The European Union and the US have settled on a new transatlantic data-sharing pact. In an announcement on Monday, the European Commission says the new framework should allow information to flow freely between both locations, easing risks for social media companies that operate across them.

The decision comes three years after the EU’s top court struck down the Privacy Shield, a protocol that let companies based in the US collect and process data from EU citizens. At the time, the court said the Privacy Shield didn’t do enough to keep users’ data out of the hands of US intelligence agencies. This was a blow to companies like Meta and Amazon, as data collection is an essential part of their businesses.

When this policy was annulled, it left companies on the hook to comply with the EU’s data-transferring policies. Earlier this year, Ireland’s Data Protection Commission (DPC) hit Meta with a record $1.3 billion fine over its data transfers to the US, stating the company failed to “address the risks to the fundamental rights and freedoms” of citizens in the EU. In 2021, Luxembourg’s National Commission for Data Protection slapped Amazon with a $887 million fine for its handling of EU residents’ data.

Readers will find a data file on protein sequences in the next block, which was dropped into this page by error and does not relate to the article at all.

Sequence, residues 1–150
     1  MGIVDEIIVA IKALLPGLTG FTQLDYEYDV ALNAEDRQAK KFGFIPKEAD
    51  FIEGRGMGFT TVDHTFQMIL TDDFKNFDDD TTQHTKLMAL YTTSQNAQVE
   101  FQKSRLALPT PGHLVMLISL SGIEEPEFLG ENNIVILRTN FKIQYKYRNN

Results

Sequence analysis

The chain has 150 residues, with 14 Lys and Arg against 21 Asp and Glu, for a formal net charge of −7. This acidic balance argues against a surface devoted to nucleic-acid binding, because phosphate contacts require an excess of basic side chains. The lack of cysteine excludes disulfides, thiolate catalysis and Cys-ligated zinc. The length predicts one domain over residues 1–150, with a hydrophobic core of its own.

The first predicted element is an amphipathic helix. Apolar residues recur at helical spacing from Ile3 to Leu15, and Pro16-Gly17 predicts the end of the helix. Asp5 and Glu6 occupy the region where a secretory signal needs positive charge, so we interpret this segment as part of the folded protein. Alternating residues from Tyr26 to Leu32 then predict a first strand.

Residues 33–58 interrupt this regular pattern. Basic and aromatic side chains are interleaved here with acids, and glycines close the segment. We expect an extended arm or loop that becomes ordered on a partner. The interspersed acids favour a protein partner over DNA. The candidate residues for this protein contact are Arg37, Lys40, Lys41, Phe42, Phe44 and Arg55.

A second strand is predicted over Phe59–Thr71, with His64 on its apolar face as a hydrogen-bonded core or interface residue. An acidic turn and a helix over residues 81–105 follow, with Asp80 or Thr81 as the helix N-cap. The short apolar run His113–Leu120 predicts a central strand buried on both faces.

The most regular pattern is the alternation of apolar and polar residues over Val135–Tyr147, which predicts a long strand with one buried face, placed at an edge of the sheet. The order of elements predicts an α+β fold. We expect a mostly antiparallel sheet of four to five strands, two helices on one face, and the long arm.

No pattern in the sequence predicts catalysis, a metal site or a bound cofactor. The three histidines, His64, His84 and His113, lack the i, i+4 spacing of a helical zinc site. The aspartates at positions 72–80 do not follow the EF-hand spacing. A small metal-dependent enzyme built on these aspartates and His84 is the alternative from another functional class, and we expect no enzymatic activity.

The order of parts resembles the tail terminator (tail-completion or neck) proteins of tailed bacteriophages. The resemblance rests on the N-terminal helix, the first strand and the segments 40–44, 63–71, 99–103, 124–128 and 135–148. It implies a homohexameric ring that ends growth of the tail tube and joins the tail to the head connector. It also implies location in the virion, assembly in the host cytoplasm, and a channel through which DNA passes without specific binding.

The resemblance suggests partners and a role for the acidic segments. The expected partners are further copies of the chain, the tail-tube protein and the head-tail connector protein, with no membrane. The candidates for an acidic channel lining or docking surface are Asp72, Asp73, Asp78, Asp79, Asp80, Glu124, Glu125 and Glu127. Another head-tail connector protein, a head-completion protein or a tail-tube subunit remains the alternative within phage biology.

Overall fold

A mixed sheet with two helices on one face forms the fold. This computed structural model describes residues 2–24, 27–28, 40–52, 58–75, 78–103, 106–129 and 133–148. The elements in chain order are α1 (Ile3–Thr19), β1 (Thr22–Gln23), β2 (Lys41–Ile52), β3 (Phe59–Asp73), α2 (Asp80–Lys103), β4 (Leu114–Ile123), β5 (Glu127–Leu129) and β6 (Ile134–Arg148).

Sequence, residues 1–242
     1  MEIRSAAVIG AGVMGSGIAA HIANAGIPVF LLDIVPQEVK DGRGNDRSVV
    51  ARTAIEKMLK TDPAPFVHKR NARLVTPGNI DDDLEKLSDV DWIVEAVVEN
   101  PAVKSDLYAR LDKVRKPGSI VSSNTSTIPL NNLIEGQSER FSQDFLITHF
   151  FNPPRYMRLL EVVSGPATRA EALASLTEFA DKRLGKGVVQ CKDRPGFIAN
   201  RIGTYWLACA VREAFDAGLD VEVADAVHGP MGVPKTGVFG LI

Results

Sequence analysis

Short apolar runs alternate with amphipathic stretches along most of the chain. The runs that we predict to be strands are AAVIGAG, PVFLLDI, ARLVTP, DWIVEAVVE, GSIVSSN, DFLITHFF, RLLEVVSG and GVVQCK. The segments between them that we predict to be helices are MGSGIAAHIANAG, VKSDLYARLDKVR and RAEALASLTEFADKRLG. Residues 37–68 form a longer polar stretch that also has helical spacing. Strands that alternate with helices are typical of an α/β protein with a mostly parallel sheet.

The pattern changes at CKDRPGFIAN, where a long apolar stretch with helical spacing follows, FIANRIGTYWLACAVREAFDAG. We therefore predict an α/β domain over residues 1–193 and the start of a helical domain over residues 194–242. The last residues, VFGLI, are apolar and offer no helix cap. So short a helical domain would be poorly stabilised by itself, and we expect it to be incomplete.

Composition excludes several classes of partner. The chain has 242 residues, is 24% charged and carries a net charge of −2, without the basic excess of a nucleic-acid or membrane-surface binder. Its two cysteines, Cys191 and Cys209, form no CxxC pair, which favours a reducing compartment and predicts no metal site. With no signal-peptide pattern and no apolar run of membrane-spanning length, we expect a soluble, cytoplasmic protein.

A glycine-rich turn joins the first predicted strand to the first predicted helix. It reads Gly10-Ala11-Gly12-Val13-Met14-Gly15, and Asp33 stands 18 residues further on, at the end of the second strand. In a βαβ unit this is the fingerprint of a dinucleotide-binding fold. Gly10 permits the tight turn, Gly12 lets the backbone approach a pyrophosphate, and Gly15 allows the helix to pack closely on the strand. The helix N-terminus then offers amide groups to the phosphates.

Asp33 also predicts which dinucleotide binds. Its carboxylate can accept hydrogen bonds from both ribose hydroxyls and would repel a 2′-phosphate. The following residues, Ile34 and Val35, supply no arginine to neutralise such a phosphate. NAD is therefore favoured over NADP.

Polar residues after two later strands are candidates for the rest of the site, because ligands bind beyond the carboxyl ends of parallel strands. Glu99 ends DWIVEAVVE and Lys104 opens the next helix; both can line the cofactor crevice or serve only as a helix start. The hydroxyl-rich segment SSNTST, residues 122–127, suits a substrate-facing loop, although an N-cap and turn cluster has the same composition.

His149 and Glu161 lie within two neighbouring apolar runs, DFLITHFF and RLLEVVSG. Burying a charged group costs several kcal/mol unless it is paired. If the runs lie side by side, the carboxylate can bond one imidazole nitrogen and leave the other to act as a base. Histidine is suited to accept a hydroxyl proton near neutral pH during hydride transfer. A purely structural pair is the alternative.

The new EU-US Data Privacy Framework should protect companies from facing similar penalties so long as they commit to it. In addition to limiting the amount of overseas data that US intelligence can gain access to, the new framework establishes a Data Protection Review Court (DPRC) that can “independently investigate and resolve complaints” as well as order the deletion of data.

US companies will also need to follow a set of privacy obligations, including a requirement to delete personal data “when it is no longer necessary for the purpose for which it was collected.” They must also ensure these safeguards are in place when this data is shared with third parties.

“The new EU-U.S. Data Privacy Framework will ensure safe data flows for Europeans and bring legal certainty to companies on both sides of the Atlantic,” Ursula von der Leyen, the president of the European Commission, says in a statement. “Following the agreement in principle I reached with President Biden last year, the US has implemented unprecedented commitments to establish the new framework.”

Going forward, it’s not clear whether this policy will stand up to the EU’s court, as two previous attempts to establish a new framework were thrown out by judges. Nick Clegg, Meta’s president of global affairs, responded to the news on Twitter, stating that the company welcomes the new framework and noting that it “will safeguard the goods & services relied on by people and businesses on both sides of the Atlantic.”

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